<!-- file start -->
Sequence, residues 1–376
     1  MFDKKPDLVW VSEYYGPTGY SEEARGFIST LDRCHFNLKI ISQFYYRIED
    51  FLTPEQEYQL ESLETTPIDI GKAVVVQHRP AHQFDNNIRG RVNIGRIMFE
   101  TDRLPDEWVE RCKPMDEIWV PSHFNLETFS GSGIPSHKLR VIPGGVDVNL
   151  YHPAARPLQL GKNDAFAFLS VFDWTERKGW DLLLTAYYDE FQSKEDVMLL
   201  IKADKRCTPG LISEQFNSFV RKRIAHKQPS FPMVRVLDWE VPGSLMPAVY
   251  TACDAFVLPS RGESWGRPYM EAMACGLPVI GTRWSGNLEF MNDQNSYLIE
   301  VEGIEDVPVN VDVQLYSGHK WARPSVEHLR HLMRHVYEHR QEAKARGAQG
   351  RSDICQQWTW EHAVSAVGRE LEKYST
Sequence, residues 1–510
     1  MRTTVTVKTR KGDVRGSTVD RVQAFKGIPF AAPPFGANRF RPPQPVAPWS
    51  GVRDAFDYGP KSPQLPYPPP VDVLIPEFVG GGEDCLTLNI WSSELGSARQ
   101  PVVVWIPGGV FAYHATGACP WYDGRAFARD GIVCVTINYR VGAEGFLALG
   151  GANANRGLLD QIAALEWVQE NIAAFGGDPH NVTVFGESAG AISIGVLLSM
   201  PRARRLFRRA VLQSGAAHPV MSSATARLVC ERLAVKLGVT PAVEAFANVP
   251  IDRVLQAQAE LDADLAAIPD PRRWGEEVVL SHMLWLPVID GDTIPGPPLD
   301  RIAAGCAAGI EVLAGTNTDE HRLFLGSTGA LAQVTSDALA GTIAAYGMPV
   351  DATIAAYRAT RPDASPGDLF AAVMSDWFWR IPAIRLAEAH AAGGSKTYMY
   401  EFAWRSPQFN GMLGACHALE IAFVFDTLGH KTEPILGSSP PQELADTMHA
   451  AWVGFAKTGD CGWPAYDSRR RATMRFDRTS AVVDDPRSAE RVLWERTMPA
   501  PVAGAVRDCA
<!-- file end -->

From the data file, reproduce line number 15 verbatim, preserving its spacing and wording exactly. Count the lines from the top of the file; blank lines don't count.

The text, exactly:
   201  PRARRLFRRA VLQSGAAHPV MSSATARLVC ERLAVKLGVT PAVEAFANVP